Public workers should take part of the hit
During the Great Depression, there wasn’t a Department of Employment Training and Rehabilitation to provide a monthly update on Douglas County’s unemployment figures.
The U.S. Census reported there were only 1,840 people living in the county in 1930. That’s quite a bit fewer than the 3,320 who were listed as jobless in the county during the month of December.
In the 1930s, Douglas County was still predominantly home to agriculture and small shops. There was the occasional homeless person, but residents lived with their families or traveled to the cities to find work.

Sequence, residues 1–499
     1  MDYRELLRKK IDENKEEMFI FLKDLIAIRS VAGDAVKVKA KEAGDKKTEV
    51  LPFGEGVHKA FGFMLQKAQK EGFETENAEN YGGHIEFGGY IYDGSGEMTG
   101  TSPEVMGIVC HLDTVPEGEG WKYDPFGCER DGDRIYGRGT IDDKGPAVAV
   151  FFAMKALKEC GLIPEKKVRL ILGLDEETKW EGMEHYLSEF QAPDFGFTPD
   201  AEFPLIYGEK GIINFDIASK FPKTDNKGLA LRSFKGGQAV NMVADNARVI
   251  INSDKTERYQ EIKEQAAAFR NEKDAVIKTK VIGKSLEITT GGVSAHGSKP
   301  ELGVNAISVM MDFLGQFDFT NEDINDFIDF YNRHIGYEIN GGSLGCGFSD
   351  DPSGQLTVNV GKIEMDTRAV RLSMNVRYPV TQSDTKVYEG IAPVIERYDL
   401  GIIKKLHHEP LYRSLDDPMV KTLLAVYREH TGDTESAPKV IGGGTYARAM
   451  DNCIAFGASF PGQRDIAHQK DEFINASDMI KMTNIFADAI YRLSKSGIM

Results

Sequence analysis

In this atmosphere, public employees volunteered to take pay cuts, recognizing that the source of their income had less and less of it.
Next month, the Nevada Legislature begins its work to establish the state’s budget for the following two years. Without the veto-proof majority from the 2009 Legislature, lawmakers and the governor are going to have to work together to find a balance between what government costs and how much people have to spend.
That balance may see some attempts to increase taxes, but it should definitely see some reduction in spending on employee salaries.
We believe our public employees are important, and we certainly don’t need them added to the unemployment rolls. But it would be far better for them to come to the table willing to give something up than to stonewall.